Gauge fixing

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{{#invoke:main|main}} In the physics of gauge theories, gauge fixing (also called choosing a gauge) denotes a mathematical procedure for coping with redundant degrees of freedom in field variables. By definition, a gauge theory represents each physically distinct configuration of the system as an equivalence class of detailed local field configurations. Any two detailed configurations in the same equivalence class are related by a gauge transformation, equivalent to a shear along unphysical axes in configuration space. Most of the quantitative physical predictions of a gauge theory can only be obtained under a coherent prescription for suppressing or ignoring these unphysical degrees of freedom.

Although the unphysical axes in the space of detailed configurations are a fundamental property of the physical model, there is no special set of directions "perpendicular" to them. Hence there is an enormous amount of freedom involved in taking a "cross section" representing each physical configuration by a particular detailed configuration (or even a weighted distribution of them). Judicious gauge fixing can simplify calculations immensely, but becomes progressively harder as the physical model becomes more realistic; its application to quantum field theory is fraught with complications related to renormalization, especially when the computation is continued to higher orders. Historically, the search for logically consistent and computationally tractable gauge fixing procedures, and efforts to demonstrate their equivalence in the face of a bewildering variety of technical difficulties, has been a major driver of mathematical physics from the late nineteenth century to the present.

Gauge freedom

The archetypical gauge theory is the HeavisideGibbs formulation of continuum electrodynamics in terms of an electromagnetic four-potential, which is presented here in space/time asymmetric Heaviside notation. The electric field E and magnetic field B of Maxwell's equations contain only "physical" degrees of freedom, in the sense that every mathematical degree of freedom in an electromagnetic field configuration has a separately measurable effect on the motions of test charges in the vicinity. These "field strength" variables can be expressed in terms of the scalar potential and the vector potential A through the relations:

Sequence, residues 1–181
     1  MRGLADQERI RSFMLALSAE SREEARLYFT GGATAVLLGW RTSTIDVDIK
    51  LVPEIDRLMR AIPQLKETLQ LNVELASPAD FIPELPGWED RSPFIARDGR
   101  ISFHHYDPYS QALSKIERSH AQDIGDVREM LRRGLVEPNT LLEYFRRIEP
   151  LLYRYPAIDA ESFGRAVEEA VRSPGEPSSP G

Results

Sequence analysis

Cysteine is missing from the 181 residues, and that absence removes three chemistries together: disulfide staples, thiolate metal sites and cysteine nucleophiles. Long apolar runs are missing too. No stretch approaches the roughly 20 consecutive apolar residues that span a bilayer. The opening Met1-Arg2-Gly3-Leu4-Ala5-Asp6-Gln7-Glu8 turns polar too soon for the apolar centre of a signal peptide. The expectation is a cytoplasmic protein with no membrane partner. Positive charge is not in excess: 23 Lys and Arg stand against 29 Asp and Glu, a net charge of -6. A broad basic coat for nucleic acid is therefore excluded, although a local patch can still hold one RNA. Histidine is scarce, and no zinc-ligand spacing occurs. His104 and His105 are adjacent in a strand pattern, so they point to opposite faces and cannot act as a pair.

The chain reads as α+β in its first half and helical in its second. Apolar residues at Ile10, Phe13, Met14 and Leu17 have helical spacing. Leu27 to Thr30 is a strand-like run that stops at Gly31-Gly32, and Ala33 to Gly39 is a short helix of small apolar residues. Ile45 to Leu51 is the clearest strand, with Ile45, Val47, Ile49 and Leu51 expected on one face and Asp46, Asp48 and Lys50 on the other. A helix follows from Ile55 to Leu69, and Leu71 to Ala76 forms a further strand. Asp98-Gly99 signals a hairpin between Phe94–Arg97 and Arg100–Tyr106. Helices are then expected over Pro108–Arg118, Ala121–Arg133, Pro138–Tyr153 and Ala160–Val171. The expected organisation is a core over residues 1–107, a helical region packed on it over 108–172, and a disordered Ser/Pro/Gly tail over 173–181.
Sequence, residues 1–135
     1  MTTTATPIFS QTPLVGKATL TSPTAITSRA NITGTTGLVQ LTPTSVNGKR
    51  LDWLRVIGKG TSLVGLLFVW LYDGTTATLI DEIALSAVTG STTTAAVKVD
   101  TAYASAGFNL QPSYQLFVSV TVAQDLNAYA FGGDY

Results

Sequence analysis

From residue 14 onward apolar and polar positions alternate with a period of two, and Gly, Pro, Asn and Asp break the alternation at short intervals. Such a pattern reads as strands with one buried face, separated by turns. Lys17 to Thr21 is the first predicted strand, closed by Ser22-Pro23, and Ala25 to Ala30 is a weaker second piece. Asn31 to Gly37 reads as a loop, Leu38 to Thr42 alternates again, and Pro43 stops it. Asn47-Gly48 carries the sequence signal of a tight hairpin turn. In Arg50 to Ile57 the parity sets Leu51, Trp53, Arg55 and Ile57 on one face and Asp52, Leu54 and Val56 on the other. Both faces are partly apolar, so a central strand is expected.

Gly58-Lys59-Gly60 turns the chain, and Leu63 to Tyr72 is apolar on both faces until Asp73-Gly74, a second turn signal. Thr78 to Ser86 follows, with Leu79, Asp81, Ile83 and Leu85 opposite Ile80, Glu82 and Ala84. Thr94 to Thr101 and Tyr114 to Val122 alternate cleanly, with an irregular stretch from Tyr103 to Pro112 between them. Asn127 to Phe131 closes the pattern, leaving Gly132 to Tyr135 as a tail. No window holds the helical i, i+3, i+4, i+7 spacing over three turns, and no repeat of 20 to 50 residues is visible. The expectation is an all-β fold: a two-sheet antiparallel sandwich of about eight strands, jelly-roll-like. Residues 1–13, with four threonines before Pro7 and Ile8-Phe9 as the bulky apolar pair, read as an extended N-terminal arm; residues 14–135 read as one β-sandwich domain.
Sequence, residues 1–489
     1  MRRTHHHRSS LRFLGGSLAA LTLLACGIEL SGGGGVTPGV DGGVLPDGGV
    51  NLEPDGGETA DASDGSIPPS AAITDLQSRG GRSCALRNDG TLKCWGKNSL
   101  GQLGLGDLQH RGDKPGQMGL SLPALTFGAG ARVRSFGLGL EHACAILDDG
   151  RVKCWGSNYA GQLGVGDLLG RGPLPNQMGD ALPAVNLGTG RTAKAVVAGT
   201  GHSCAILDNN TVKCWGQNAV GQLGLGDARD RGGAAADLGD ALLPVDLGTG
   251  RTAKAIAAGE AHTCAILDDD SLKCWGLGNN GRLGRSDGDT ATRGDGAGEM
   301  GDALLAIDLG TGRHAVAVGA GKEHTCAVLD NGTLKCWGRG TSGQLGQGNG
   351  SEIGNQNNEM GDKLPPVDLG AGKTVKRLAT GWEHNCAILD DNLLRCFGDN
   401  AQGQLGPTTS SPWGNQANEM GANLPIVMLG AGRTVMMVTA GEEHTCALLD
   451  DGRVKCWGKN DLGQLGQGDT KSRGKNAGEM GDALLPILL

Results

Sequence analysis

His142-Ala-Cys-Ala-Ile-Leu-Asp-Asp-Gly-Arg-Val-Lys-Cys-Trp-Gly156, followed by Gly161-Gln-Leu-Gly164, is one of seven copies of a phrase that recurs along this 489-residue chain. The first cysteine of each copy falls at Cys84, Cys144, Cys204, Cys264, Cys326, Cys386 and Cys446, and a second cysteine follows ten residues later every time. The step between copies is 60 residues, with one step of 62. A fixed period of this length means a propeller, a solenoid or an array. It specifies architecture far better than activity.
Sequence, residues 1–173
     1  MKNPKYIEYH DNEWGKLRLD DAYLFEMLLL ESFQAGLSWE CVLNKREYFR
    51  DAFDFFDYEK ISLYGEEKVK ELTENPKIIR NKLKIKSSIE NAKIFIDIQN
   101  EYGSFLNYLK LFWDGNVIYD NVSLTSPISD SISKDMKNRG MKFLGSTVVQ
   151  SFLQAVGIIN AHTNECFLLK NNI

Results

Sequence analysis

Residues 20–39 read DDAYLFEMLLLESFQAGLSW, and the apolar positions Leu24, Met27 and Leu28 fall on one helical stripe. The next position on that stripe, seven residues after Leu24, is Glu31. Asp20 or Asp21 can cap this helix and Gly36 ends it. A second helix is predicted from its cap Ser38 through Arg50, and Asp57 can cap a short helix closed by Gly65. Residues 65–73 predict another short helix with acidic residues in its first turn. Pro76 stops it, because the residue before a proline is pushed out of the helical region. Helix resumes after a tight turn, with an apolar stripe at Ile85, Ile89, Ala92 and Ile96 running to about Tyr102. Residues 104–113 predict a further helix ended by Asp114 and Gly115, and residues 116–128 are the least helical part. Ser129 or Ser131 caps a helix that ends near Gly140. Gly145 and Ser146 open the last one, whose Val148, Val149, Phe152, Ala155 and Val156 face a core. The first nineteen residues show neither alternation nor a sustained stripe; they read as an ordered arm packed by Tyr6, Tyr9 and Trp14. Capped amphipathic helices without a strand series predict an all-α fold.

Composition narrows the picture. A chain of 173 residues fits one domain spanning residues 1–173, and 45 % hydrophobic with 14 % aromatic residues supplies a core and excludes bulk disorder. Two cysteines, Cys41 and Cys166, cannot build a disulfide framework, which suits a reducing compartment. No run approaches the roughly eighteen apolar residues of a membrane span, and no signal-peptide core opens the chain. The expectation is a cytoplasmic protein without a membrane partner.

If the transformation


is made, then B remains unchanged, since


However, this transformation changes E according to


If another change


is made then E also remains the same.

Hence, the E and B fields are unchanged if we take any function ψ(r, t) and simultaneously transform A and φ via the transformations (Template:EquationNote) and (Template:EquationNote).

A particular choice of the scalar and vector potentials is a gauge (more precisely, gauge potential) and a scalar function ψ used to change the gauge is called a gauge function. The existence of arbitrary numbers of gauge functions ψ(r, t) corresponds to the U(1) gauge freedom of this theory. Gauge fixing can be done in many ways, some of which we exhibit below.

Although classical electromagnetism is now often spoken of as a gauge theory, it was not originally conceived in these terms. The motion of a classical point charge is affected only by the electric and magnetic field strengths at that point, and the potentials can be treated as a mere mathematical device for simplifying some proofs and calculations. Not until the advent of quantum field theory could it be said that the potentials themselves are part of the physical configuration of a system. The earliest consequence to be accurately predicted and experimentally verified was the Aharonov–Bohm effect, which has no classical counterpart. Nevertheless, gauge freedom is still true in these theories. For example, the Aharonov–Bohm effect depends on a line integral of A around a closed loop, and this integral is not changed by

Gauge fixing in non-abelian gauge theories, such as Yang–Mills theory and general relativity, is a rather more complicated topic; for details see Gribov ambiguity, Faddeev–Popov ghost, and frame bundle.

An illustration

Gauge fixing of a twisted cylinder. (Note: the line is on the surface of the cylinder, not inside it.)

By looking at a cylindrical rod can one tell whether it is twisted? If the rod is perfectly cylindrical, then the circular symmetry of the cross section makes it impossible to tell whether or not it is twisted. However, if there were a straight line drawn along the length of the rod, then one could easily say whether or not there is a twist by looking at the state of the line. Drawing a line is gauge fixing. Drawing the line spoils the gauge symmetry, i.e., the circular symmetry U(1) of the cross section at each point of the rod. The line is the equivalent of a gauge function; it need not be straight. Almost any line is a valid gauge fixing, i.e., there is a large gauge freedom. To tell whether the rod is twisted, you need to first know the gauge. Physical quantities, such as the energy of the torsion, do not depend on the gauge, i.e., are gauge invariant.